Roger Hubert images with Georges Auric score, in the era of his Cocteau films and an agreeable ending complete with fireworks at Sacre Coeur.

The material was re-treaded several times, including the Hollywood re-make Paris When It Sizzles (Richard Quine, USA, 1964) and the perverse Robbe Grillet Trans-Europ-Express (France, 1967).

Le Petit monde de Don Camillo/ The Little World of Don Camillo 1952

After his reputed loss of faith, Duvivier continued to get these Catholic assignments. In the Don Camillo films, the loudest voice is not that of the director, who set aside his grim world view to adopt the sunny one of then famous and successful author Giovanni Guareschi. His Don Camillo stories were a world wide publishing phenomenon of the day.


In the small Po Valley town, priest Don Camillo, a part that fits Fernandel like his
cassock, finds himself facing newly elected Communist mayor Peppone/ Gino Cervi, Blassetti’s long running leading man, who is not about to be to be up-staged. The comedy of outrage confrontations of Guareschi’s books are staged here with
Duvivier’s best professional finish. There is a nice vein of comic viciousness running
under the sunny surface, as where Mayor Peppone’s opening speech at the newly constructed House of the People is drowned by Don Camillo’s bell ringing and the visiting party man suggests they shoot the troublesome priest, only to be warned that they’d have to get him in the first round because he would return fire from the commanding position in the bell tower, or the climax scene where Fernandel alone struggles under the weight of the giant wooden crucifix to be joined by Cervi saying they are helping Him, indicating the wooden Christ, rather than the dogged cleric.

Add in the scenes of Fernandel in dialogue with Jesus, who got to be dubbed by Orson Welles in the English version.  The French copy of the co-production is said to be longer because of censor cuts in the Italian. Camerawork by Nicholas Hayer (Le Corbeau, Henri-Georges Clouzot, France, 1943 and Orphée, Jean Cocteau, France, 1950) and music by the Neo-Realists’ Alessandro Cicognini, with long serving Franco Interlenghi (the boy lead of Sciuscià, Vittorio De Sica, Italy, 1946), Sylvie and Germi associate Saro Urzi in the cast.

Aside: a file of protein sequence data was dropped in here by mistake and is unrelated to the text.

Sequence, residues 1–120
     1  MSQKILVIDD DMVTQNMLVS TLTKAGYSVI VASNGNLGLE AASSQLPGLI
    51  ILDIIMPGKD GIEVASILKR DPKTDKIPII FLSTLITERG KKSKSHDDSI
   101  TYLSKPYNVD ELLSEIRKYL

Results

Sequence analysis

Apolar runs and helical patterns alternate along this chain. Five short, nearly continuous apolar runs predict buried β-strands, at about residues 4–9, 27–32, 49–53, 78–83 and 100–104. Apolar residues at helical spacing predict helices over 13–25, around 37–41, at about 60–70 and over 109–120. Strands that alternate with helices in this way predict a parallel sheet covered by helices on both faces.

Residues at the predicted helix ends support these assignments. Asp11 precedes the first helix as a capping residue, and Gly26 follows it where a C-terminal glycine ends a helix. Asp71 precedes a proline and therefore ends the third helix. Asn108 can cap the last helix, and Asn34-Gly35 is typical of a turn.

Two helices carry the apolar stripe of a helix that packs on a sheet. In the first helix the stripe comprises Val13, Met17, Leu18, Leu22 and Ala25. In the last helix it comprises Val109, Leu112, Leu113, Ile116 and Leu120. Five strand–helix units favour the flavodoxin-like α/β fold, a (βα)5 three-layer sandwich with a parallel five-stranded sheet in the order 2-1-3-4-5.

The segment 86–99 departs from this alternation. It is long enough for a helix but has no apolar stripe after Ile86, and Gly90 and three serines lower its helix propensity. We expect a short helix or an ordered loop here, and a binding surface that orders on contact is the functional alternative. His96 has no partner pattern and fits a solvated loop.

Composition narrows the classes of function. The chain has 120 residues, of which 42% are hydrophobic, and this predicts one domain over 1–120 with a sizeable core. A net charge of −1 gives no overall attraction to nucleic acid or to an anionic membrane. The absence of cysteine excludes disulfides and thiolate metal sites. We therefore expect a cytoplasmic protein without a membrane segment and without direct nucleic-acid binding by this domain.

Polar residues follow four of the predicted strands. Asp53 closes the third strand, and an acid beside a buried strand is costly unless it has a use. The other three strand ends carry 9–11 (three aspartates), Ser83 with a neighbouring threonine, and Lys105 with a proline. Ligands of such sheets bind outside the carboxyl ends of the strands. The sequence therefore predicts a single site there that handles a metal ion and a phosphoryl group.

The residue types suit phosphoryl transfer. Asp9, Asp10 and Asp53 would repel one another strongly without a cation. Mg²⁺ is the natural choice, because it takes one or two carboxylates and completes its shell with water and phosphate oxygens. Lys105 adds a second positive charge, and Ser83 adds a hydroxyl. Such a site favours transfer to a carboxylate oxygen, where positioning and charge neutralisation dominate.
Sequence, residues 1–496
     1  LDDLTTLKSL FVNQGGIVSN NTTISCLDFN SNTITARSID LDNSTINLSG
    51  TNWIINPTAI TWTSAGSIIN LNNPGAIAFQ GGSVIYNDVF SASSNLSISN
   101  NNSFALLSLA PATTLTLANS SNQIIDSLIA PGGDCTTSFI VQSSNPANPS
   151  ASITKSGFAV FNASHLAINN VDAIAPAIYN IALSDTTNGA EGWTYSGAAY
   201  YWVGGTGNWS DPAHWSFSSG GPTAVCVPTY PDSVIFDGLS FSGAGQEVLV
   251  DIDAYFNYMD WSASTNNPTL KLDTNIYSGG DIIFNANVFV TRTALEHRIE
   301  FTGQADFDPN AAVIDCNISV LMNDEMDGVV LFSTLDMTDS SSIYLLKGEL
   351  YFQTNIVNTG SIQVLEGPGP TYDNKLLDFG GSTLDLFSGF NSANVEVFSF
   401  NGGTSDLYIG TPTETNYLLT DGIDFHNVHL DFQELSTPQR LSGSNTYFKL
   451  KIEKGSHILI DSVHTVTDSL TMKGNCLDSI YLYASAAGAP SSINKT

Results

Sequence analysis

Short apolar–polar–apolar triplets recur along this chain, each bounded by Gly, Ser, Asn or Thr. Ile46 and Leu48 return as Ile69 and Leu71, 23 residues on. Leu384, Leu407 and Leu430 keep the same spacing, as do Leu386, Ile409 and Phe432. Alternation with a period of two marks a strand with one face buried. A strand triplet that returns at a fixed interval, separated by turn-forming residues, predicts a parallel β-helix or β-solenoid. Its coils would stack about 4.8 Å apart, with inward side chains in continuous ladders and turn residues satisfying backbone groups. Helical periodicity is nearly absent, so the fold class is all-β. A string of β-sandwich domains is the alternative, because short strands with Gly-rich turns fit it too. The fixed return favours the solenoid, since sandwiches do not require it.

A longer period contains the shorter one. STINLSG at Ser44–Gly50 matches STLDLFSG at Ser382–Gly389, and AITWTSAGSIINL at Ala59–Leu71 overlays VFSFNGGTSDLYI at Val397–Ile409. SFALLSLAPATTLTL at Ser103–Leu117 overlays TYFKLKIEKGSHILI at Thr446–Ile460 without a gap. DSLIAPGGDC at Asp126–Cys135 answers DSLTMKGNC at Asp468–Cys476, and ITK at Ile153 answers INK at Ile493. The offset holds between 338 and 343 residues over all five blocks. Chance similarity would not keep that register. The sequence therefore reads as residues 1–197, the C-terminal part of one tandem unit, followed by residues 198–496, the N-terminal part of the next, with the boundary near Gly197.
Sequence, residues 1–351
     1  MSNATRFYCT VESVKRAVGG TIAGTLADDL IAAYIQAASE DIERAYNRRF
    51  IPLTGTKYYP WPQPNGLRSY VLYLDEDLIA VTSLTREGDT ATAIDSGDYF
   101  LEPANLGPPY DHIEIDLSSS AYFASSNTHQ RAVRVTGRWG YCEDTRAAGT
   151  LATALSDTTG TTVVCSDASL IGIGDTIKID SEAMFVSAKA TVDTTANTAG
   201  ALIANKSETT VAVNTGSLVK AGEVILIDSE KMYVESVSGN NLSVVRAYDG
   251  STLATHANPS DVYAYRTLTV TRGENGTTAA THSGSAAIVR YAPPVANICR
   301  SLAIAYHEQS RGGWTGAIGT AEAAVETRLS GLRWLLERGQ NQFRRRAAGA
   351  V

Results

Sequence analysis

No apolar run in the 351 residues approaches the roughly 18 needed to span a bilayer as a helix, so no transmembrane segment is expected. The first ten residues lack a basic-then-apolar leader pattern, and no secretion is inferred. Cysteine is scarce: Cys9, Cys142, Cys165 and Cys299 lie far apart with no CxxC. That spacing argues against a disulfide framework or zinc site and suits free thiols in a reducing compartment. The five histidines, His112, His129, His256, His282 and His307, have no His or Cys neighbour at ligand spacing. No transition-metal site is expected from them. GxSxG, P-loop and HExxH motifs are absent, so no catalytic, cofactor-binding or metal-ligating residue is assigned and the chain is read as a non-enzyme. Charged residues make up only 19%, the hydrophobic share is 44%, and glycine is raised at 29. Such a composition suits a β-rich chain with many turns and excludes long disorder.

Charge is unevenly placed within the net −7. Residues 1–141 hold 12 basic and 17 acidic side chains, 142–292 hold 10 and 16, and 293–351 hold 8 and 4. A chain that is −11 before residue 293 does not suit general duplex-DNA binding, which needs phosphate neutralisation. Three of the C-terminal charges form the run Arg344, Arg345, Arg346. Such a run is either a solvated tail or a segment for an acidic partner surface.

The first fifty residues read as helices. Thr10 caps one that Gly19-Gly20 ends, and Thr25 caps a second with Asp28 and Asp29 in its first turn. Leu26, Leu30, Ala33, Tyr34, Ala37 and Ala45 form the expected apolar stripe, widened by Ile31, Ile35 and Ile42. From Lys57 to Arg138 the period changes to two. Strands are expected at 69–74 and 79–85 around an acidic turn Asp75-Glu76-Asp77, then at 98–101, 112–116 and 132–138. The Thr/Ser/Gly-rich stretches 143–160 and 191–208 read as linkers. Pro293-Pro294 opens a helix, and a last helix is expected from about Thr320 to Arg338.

Le Retour de Don Camillo/ The Return of Don Camillo 1953


More of the same and equally enjoyable.


Banished to a poor, Godless village, Don Camillo (Fernandel) finds he needs his wooden Jesus and recruits Peppone (Gino Cervi) to retrieve it. He gets involved with the land owner who has built a dam which increases the misery of the poor locals and a boxing tournament, while the education of Peppone’s son is not going to plan.

The lead duo did another Don Camillo film under Carmine Gallone’s heavy hand and Fernandel continued in the role for two more movies, planning another. Gaston Moschin and Lionel Stander no less made one and Terence Hill also undertook the part.





Voici le temps des assassins.../ Deadlier Than the Male 1956


The bleakest of all the Duvivier movies. Les Halles restaurateur Jean Gabin is in a father relationship with student Gerard Blain until Gabin’s ex wife’s daughter Delorme shows up and wreaks havoc in both their lives.

Three older women, Bogeart the ex wife, mother Kerjean and housekeeper Fontan
generate plots that involve narcotic addiction, deceit and planned murder. This is not going to come out well.

The backgrounds are nicely caught, contrasting Gabin’s once classy restaurant and Kerjean’s seedy riverside cafe, where she tortures chickens. Half tone film making and performances are good but the atmosphere of  brooding malice doesn’t make for a pleasant night at the movies.

At least it’s better than Decoin’s 1952 La Vérité sur Bébé Donge, which appears to set the tone for these studies of grim middle age that Gabin was embracing.